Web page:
August 15, 2014

The trend in IT: focus shifts from process to people

BY :     August 15, 2014

RelaisMany people that have been around for some time in the IT business tend to feel a little bit puzzled nowadays. “The IT world is changing but what does that mean for me?” Join me in this blog post to look into the trends and how they affect an IT person.

Have you noticed that every decade has its own focus in the computer business? The eighties were about new technological possibilities, e.g. the introduction of the PC. The nineties were about using IT to support daily activities, e.g. using a word-processor instead of a typewriter. The zeroes were about getting connected – the internet came to every house. And the current decade is about ubiquitous IT – everything is connected.

But I noticed that creating applications has followed an unchanged pattern all through these decades. When I started in the IT business over three decades ago it was all about the process we had to follow to reach success, and in later decades it was still about process. I noticed that sometimes projects were very successful, whereas other projects were a disaster (and many projects worked out sort of well). If we compare those projects to sports, they were organized like the decathlon, everybody doing their own little thing on their own little playground and passing through the baton to each other. I started wondering why there was a difference in the success rate for projects even though they all used a similar approach. Obviously the process was not the differentiator.

Currently times are rapidly changing. IT watchers discovered that a good process in itself doesn’t bring success. The real key to success is… People! This marks the current trend in IT, less emphasis on process and more room for the initiative of people. People are flexible, adaptive, and agile. People can adjust their behavior to a new context, especially when people get the trust and confidence of stakeholders to work together and pursue the project goals in the way the team thinks most appropriate. Making the comparison to sports again, nowadays IT is seen as a team sport – everybody in the team has complementary and overlapping skills that result in the famous statement “1 + 1 = 3”. Teams that are empowered in this way can move mountains, so to say. And working together in a good team also is much more fun 😉

More and more organizations recognize this trend in IT – less process, more empowered people. But, you may ask yourself, what does this mean for me? Forget your nice function title and your official role. In this new world of empowered teams it’s all about your skills. Every team needs a mix of skills and you must contribute by applying the unique skills you have. Skills may be in all sorts of professional and personal areas, don’t think from professional restrictions anymore. Someone who used to be called “analyst” may now just as well contribute by writing some code, a “tester” may contribute to the designs and a “developer” will also do testing activities. Applying a process whenever necessary is just one of the skills the team members need to possess. Another skill is to change the process if that is better, do retrospectives, and actually use the feedback to continuously improve in the spirit of “kaizen”.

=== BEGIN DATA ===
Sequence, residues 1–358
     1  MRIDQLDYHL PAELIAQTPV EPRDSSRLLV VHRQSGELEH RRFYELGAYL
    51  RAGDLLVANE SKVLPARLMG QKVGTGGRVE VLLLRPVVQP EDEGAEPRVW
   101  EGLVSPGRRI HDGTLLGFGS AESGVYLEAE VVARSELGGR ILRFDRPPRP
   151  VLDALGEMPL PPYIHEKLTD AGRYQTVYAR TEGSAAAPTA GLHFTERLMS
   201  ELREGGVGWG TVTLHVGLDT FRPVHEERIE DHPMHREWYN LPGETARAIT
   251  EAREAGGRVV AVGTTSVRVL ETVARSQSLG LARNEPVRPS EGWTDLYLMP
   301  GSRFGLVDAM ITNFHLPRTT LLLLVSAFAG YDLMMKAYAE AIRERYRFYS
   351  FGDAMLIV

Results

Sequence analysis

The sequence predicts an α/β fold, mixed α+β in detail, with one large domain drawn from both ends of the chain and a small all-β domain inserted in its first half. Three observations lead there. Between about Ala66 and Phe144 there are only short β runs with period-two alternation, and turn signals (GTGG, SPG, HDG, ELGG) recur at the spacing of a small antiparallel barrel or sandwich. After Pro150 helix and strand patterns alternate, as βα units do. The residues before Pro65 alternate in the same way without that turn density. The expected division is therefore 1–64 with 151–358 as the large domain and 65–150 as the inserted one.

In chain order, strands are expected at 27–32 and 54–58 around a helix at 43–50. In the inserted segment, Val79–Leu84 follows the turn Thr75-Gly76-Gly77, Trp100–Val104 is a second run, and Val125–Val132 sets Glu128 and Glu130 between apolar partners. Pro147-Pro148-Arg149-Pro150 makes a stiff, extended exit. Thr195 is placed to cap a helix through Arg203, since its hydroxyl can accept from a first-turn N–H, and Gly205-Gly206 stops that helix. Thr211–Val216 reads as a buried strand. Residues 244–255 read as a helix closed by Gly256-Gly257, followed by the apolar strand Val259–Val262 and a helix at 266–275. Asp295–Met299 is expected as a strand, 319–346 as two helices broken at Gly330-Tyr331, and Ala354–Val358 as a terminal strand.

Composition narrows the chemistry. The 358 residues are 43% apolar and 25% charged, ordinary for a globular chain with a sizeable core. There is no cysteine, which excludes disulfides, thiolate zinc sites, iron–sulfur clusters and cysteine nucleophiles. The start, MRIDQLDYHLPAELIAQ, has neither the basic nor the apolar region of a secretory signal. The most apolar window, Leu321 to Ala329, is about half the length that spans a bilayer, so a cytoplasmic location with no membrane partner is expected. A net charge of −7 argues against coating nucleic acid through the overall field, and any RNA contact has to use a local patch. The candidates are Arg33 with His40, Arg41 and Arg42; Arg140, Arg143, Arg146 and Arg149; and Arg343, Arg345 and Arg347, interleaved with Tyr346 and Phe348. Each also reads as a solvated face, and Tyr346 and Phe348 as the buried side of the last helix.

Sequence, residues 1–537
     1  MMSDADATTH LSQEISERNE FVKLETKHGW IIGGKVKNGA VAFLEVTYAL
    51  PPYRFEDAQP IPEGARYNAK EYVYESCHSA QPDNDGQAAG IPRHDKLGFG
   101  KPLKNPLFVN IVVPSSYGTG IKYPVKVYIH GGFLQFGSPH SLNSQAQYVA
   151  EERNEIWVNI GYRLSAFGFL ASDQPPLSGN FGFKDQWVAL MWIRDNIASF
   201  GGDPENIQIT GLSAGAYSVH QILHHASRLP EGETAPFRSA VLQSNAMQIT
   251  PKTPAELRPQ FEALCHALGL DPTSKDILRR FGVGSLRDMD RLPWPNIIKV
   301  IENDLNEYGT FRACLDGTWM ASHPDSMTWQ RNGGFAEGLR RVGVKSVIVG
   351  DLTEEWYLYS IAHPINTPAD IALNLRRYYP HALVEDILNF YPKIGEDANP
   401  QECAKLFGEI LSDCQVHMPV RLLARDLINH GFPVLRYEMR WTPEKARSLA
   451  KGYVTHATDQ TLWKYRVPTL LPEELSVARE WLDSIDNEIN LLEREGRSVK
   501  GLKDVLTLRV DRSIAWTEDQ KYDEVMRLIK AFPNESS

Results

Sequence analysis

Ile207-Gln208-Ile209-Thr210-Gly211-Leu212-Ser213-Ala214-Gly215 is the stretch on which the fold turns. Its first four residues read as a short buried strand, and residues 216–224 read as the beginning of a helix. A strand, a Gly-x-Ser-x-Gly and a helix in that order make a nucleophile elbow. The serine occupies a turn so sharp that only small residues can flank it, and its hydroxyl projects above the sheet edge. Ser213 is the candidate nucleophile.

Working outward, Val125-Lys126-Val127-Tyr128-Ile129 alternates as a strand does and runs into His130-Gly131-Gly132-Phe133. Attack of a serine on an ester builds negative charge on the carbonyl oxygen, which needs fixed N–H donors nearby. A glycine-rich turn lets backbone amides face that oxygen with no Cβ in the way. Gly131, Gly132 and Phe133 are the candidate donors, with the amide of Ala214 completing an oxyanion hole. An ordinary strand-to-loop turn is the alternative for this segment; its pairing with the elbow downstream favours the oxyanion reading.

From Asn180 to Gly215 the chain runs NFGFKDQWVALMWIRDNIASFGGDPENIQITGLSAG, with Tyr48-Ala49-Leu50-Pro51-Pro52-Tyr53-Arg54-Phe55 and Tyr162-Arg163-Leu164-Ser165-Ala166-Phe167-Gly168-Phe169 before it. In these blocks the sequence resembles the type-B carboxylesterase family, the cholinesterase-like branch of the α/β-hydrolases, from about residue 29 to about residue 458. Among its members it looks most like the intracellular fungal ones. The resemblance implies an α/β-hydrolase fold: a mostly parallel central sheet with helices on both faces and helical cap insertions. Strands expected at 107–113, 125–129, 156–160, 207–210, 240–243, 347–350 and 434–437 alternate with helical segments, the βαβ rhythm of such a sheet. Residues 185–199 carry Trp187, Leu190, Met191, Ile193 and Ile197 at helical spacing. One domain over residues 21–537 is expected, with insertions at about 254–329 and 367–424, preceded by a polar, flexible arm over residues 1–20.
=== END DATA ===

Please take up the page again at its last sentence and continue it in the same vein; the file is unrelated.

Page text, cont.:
Success is based on the mix of skills from people that don’t bother about the title on their business card, but work together and pick up the most important task that is waiting! So don’t let a process limit your success, but work together with inspired colleagues in an empowered team to achieve more success!

Rik Marselis

About

Rik Marselis is one of Sogeti’s most senior management consultants in the field of Quality and Testing. He has assisted many organizations in improving their IT-processes, in establishing their test approach, setting up their quality & test organization, and he acted as test manager and quality supervisor.

More on Rik Marselis.

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  1. Michael Bolton · August 21, 2014 Reply

    I applaud this post.

    I’d offer one little refinement: it might be worthwhile to distinguish between process (what actually happens) and process models, which are representations of what happens. Like all models, process models are simplifications. Like all models, process models are at risk of being oversimplifications, leaving out important things and being wrong in specific contexts.

    Process models are heuristic tools that can help us to observe, contextualize, and refine processes. But like all heuristics, they are potentially powerful when applied by people with judgement and skill; dangerous when followed by the inattentive or the unskilled. If more people paid more attention to observing our processes and engaging with them, and somewhat less attention to following process models, we’ll be a long way towards getting better work done.

    Thank you for the post, Rik.

    —Michael B.

*Opinions expressed on this blog reflect the writer’s views and not the position of the Sogeti Group